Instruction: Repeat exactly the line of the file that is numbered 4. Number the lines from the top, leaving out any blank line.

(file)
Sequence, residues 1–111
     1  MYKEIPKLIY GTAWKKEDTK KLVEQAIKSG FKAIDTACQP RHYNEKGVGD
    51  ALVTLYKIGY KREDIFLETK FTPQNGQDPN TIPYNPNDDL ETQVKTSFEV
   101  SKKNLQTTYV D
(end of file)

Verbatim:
   101  SKKNLQTTYV D